Cruise Ship Passenger Linked to Ebola Back on Shore

News Picture: Cruise Ship Passenger Linked to Ebola Back on ShoreBy Dennis Thompson
HealthDay Reporter

SUNDAY, Oct. 19, 2014 (HealthDay News) -- A cruise ship carrying a lab worker who was being monitored for Ebola returned to its Galveston, Texas, port early Sunday morning, cruise line officials said.

The unidentified woman, a laboratory manager at Texas Presbyterian Hospital in Dallas, handled a lab specimen from the Liberian man who died from Ebola at the hospital earlier this month. She had been voluntarily quarantined aboard the Carnival Magic ship with her husband. She is showing no signs of symptoms of the disease and poses no risk because she has been symptomless for 19 days, federal officials said, according to the Associated Press.

Federal health officials have said that symptoms of Ebola show up within 21 days of exposure to the virus.

A cruise line spokesperson said the couple drove themselves home after leaving the ship, but offered no other details, the news service said.

The lab technician handled the sample from Thomas Eric Duncan, the Liberian national and first patient ever diagnosed with Ebola in the United States. He died Oct. 8 at Texas Presbyterian Hospital. He became infected with the often deadly Ebola virus in Liberia -- one of three West African nations at the epicenter of the viral outbreak -- before arriving in Dallas last month to visit relatives.

On Saturday, President Barack Obama called on Americans not to give way to panic over Ebola. And he repeated his opposition to a travel ban for flights from the three affected countries in West Africa.

In his weekly radio and Internet address, Obama said Ebola "is a serious disease, but we can't give in to hysteria or fear -- because that only makes it harder to get people the accurate information they need. We have to be guided by the science."

Some lawmakers have called for a travel ban, but Obama believes such a move would be counterproductive. "Trying to seal off an entire region of the world -- if that were even possible -- could actually make the situation worse," he said.

Obama's comments came a day after he appointed Ron Klain, a former chief of staff to Vice President Joe Biden and a trusted White House adviser, as Ebola "czar."

Klain's role: to oversee the federal government's response to the small but anxiety-producing presence of the often lethal virus in the United States.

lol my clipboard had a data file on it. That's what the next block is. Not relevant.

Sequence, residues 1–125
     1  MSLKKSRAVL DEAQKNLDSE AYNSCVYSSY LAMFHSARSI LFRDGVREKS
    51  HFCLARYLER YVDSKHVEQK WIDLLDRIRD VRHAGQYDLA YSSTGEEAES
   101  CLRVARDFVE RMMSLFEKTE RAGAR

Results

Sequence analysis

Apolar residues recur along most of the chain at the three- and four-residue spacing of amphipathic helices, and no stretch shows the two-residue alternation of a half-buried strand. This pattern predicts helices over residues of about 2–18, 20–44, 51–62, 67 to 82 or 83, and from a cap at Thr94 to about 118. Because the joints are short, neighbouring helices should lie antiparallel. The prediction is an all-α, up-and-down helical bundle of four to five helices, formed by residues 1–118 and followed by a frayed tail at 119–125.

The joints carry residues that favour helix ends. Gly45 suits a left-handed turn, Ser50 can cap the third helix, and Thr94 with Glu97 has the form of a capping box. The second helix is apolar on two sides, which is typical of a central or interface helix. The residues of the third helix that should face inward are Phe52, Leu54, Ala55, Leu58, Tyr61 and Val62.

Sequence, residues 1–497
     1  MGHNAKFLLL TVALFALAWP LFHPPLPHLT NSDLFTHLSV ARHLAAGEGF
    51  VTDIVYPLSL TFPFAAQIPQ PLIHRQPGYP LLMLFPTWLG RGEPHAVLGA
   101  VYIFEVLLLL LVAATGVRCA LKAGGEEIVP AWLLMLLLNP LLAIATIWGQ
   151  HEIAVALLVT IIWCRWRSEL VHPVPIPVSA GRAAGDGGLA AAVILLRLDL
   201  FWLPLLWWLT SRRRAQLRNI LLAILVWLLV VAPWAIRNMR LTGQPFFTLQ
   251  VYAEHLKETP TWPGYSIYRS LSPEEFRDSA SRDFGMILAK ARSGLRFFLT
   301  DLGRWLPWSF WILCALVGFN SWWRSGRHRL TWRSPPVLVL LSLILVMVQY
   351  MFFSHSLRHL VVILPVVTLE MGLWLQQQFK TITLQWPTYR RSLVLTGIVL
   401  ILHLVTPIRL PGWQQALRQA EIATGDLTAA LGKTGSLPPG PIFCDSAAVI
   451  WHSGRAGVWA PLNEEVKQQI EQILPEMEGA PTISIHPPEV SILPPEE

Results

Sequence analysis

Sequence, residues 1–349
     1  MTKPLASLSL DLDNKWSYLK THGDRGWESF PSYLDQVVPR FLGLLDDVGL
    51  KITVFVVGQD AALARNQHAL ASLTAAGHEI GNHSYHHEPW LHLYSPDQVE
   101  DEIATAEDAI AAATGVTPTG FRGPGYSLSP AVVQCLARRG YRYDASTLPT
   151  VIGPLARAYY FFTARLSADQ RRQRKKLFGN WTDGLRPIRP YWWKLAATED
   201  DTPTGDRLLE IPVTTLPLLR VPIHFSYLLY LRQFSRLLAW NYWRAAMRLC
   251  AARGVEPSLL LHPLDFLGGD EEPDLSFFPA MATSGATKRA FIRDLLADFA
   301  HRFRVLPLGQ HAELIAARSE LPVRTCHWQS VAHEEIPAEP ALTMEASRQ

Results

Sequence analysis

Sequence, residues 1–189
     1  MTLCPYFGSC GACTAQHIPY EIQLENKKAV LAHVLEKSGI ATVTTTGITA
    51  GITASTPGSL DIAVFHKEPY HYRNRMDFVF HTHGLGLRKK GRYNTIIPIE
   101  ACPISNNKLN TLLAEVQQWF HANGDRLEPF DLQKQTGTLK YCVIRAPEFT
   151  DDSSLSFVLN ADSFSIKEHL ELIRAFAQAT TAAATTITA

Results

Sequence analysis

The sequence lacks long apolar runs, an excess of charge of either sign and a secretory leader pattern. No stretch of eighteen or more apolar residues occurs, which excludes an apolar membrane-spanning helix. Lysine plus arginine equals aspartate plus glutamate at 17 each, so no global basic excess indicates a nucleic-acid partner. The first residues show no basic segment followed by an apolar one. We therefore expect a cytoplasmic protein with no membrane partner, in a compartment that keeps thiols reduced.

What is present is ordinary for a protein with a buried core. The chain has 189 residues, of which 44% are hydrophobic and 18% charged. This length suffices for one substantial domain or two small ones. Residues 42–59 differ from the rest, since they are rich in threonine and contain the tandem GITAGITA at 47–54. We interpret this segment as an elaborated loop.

Klain had been out of public service since leaving Biden's office during Obama's first term. The White House said Klain would report to national security adviser Susan Rice and to homeland security and counterterrorism adviser Lisa Monaco.

A lawyer, Klain also served as chief of staff for Vice President Al Gore.

Klain gained a reputation for skillful handling of high-stakes political challenges. For instance, he was the lead Democratic lawyer for Gore during the disputed 2000 presidential election recount, The New York Times reported.

On Thursday evening, Obama said "it may be appropriate for me to appoint an additional person [to oversee the Ebola response], not because they [federal health officials] haven't been doing an outstanding job, really working hard on this issue, but they are also responsible for a whole bunch of other stuff."

Obama's announcement followed a Congressional subcommittee hearing where top federal health officials faced tough questions about their response to Ebola infections in the United States. The officials also defended their opposition to a ban on travelers from the West African nations of Guinea, Liberia and Sierra Leone, the sites of the worst Ebola outbreak in history.

To date, there has been one death and two infections from Ebola in the United States.

The Ebola outbreak in West Africa has killed nearly 4,500 people out of an estimated 9,000 reported cases, according to the World Health Organization.

Also Thursday, the federal Centers for Disease Control and Prevention said it was widening its search for people who may have had contact with one of the nurses who treated Duncan at Texas Presbyterian Hospital. Nurse Amber Joy Vinson was part of the medical team that cared for Duncan.

Vinson traveled by plane on Oct. 10 from Dallas to Cleveland to visit family members and returned to Dallas on Oct. 13. She said she had a slight fever before boarding the return flight to Dallas, but family members said she had appeared "remote and unwell" while in Ohio over the weekend, the Times reported.

The CDC said it was tracking down passengers who took Frontier Airlines Flight 1142 from Dallas to Cleveland on Oct. 10. The agency had already been tracking passengers on her Oct. 13 flight back to Dallas.

CDC officials have said repeatedly that people infected with Ebola are not contagious until they show symptoms, such as fever and vomiting.

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SOURCES: Oct. 18, 2014, White House weekly address; Oct. 16, 2014, hearing, House of Representatives' House Energy and Commerce Subcommittee on Oversight and Investigations; Associated Press; The New York Times

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